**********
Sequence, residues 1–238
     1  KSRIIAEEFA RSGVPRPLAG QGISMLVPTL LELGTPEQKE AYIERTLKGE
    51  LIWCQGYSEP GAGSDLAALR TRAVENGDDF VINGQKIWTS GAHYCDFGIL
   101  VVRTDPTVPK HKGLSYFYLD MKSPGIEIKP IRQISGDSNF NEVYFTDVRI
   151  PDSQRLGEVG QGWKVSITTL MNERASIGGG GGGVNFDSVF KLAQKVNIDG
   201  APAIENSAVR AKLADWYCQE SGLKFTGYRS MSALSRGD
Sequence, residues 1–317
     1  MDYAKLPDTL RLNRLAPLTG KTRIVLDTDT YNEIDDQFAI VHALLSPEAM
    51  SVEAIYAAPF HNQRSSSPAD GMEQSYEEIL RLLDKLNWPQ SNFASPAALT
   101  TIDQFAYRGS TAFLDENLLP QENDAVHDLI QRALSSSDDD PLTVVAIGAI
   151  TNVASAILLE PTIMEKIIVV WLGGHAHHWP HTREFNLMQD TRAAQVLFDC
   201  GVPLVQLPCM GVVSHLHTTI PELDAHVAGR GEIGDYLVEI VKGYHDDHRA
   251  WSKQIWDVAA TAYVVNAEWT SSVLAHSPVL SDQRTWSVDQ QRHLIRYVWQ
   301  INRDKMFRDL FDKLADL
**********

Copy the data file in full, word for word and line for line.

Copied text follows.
Sequence, residues 1–238
     1  KSRIIAEEFA RSGVPRPLAG QGISMLVPTL LELGTPEQKE AYIERTLKGE
    51  LIWCQGYSEP GAGSDLAALR TRAVENGDDF VINGQKIWTS GAHYCDFGIL
   101  VVRTDPTVPK HKGLSYFYLD MKSPGIEIKP IRQISGDSNF NEVYFTDVRI
   151  PDSQRLGEVG QGWKVSITTL MNERASIGGG GGGVNFDSVF KLAQKVNIDG
   201  APAIENSAVR AKLADWYCQE SGLKFTGYRS MSALSRGD
Sequence, residues 1–317
     1  MDYAKLPDTL RLNRLAPLTG KTRIVLDTDT YNEIDDQFAI VHALLSPEAM
    51  SVEAIYAAPF HNQRSSSPAD GMEQSYEEIL RLLDKLNWPQ SNFASPAALT
   101  TIDQFAYRGS TAFLDENLLP QENDAVHDLI QRALSSSDDD PLTVVAIGAI
   151  TNVASAILLE PTIMEKIIVV WLGGHAHHWP HTREFNLMQD TRAAQVLFDC
   201  GVPLVQLPCM GVVSHLHTTI PELDAHVAGR GEIGDYLVEI VKGYHDDHRA
   251  WSKQIWDVAA TAYVVNAEWT SSVLAHSPVL SDQRTWSVDQ QRHLIRYVWQ
   301  INRDKMFRDL FDKLADL